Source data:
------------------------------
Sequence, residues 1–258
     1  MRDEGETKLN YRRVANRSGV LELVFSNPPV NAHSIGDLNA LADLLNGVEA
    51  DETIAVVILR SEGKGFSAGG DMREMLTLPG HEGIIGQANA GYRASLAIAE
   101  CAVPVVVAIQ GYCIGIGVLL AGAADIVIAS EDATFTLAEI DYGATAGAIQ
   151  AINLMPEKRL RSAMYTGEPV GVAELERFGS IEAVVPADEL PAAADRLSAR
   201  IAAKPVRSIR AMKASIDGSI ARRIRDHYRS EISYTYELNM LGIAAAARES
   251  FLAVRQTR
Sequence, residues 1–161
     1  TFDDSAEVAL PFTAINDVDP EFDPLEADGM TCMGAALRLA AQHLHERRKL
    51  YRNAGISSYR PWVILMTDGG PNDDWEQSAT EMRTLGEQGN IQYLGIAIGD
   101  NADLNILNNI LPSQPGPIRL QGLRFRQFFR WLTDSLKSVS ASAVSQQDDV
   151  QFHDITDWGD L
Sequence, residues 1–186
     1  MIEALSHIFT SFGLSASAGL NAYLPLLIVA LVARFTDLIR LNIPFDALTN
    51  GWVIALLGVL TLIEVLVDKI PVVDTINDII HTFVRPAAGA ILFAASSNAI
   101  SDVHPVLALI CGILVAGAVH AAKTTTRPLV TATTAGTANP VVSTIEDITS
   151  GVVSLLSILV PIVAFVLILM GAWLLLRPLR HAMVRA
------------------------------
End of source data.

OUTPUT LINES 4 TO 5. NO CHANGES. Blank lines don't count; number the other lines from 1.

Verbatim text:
   101  CAVPVVVAIQ GYCIGIGVLL AGAADIVIAS EDATFTLAEI DYGATAGAIQ
   151  AINLMPEKRL RSAMYTGEPV GVAELERFGS IEAVVPADEL PAAADRLSAR